Turkey and the United States are also sharply divided over the interpretation of the Montreux Convention of 1936. In policy terms, what the US wants Turkey to do boils down on to either dump the Montreux Convention altogether or to turn a blind eye to blatant American violations of the same treaty. Either way, it would effectually amount to a nullification of the historic agreement. Turkey, on the other hand, having a diametrically opposite position, expects its ally to recognize that Turkey views the Montreux Convention dearly and will not allow it to be simply dismissed or discarded. Indeed, from Ankara’s perspective, the strict application of the provisions of the Montreux Convention has been a main pillar of ensuring peace and security from the Cold War onwards.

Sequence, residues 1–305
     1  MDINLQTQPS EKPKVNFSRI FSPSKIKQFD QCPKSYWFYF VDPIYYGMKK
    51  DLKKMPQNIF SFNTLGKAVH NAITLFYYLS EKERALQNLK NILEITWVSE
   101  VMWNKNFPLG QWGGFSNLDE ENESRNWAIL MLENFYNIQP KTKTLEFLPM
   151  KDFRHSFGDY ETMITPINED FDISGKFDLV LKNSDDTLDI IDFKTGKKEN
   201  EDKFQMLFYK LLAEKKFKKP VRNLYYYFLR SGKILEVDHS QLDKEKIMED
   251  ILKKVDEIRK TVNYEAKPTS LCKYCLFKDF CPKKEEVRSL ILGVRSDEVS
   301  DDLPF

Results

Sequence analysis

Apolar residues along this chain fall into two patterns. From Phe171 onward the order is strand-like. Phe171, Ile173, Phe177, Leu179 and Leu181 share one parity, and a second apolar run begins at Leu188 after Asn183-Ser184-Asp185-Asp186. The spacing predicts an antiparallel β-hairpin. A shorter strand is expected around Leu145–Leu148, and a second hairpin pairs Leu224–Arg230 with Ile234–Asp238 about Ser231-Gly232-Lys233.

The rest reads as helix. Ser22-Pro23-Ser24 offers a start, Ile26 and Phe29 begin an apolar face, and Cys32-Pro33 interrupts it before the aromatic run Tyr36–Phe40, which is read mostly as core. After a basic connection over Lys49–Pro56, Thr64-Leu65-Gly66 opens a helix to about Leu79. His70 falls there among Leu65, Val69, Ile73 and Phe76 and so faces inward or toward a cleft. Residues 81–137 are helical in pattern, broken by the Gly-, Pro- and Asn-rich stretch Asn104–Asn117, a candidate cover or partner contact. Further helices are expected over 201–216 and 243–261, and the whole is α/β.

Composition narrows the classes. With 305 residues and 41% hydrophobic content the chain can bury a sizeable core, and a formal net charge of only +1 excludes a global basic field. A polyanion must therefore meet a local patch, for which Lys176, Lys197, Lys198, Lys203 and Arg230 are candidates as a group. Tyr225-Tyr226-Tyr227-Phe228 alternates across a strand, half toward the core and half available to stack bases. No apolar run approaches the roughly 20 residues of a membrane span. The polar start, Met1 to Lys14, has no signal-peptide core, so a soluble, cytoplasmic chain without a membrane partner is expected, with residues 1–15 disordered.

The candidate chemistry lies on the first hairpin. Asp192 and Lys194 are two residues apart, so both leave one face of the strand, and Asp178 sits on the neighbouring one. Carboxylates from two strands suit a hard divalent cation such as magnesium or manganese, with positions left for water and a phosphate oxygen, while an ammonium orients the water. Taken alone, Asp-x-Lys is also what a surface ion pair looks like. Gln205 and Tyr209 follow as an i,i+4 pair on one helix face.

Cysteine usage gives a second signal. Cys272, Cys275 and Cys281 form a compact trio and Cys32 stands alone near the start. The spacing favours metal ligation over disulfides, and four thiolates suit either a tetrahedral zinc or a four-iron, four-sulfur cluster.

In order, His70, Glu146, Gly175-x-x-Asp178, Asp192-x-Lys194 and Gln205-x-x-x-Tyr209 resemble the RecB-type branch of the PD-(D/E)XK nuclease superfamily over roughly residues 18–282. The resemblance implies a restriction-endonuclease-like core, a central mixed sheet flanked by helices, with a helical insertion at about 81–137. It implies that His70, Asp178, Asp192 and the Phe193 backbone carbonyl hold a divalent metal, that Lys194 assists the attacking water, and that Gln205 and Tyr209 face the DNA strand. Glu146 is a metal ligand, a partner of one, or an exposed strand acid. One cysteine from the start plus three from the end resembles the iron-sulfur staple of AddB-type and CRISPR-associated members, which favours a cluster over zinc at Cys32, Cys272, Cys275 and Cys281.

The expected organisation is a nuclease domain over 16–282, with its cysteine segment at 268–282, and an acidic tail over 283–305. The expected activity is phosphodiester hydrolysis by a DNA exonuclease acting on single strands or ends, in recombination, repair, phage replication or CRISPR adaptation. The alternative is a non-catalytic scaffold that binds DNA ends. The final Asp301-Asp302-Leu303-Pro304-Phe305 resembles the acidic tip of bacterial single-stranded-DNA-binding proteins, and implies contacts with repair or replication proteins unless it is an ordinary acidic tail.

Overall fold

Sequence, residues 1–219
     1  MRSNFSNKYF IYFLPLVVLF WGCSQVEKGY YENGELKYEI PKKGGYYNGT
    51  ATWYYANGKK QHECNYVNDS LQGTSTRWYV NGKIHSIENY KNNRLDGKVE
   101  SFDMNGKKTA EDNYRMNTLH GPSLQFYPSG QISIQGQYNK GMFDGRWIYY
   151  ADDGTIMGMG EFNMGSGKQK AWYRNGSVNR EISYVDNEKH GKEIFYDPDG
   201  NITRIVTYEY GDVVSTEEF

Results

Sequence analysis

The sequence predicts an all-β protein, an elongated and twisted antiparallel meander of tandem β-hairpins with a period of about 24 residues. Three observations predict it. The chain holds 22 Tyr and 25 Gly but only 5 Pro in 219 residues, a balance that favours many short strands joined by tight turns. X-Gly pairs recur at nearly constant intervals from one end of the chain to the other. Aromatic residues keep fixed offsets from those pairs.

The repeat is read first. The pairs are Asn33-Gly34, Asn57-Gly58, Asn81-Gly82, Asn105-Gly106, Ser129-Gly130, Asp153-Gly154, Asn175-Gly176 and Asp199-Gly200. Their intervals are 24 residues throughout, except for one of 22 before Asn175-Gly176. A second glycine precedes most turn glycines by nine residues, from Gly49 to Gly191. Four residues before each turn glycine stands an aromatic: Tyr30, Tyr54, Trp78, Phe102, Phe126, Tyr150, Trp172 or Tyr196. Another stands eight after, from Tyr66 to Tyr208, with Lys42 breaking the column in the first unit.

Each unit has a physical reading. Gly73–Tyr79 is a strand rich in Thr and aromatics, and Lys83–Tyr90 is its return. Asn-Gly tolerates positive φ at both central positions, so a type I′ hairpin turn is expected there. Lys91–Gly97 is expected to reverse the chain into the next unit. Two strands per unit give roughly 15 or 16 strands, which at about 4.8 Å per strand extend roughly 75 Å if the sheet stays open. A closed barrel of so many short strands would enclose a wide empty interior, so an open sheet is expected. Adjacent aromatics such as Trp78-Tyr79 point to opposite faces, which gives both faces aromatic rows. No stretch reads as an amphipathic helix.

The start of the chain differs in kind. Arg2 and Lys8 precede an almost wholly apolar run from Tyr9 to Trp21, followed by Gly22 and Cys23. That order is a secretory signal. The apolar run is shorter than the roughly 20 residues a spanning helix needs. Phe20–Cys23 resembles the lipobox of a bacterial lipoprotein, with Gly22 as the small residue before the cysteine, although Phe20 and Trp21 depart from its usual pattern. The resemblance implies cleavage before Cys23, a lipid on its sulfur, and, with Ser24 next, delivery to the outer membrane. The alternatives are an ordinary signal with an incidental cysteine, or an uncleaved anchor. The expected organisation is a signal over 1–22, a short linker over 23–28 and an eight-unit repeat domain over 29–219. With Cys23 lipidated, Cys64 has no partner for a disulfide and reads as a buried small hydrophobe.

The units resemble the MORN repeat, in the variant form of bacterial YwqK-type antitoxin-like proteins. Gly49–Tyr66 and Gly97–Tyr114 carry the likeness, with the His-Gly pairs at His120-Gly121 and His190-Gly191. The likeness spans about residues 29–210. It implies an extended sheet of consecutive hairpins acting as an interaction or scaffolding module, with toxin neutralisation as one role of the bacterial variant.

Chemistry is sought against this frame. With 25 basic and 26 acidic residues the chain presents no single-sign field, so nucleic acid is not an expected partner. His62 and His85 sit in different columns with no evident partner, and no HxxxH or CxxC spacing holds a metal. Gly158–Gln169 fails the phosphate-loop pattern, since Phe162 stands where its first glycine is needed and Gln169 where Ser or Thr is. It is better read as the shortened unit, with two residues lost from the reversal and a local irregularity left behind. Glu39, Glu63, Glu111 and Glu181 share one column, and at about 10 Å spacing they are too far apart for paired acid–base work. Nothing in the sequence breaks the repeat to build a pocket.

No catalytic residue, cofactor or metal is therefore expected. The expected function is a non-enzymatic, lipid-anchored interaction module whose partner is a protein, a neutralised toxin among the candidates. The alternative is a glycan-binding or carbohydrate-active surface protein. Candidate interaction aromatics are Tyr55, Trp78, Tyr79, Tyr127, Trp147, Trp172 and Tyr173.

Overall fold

It seems unlikely that all the outstanding issues keeping Ankara and Washington apart will be resolved once Team Biden gives way to the next US administration — whether in January 2025 or January 2029. We have the experience of the Trump period as a reference point, when tensions between the two countries eased somewhat because Trump in many ways defied the US security establishment’s policies concerning the Middle East and the Eastern Mediterranean. Still, the US Deep State managed to get around Trump often enough, so bilateral tension did not disappear; this in turn made it easier for Team Biden to ratchet everything back up when it took over the reins of power in January 2021. It would, therefore, be an uphill task to try predicting whether a post-Biden America would be capable of resetting relations with Turkey, notwithstanding the realities of a multipolar world order. But the odds appear to be overwhelming.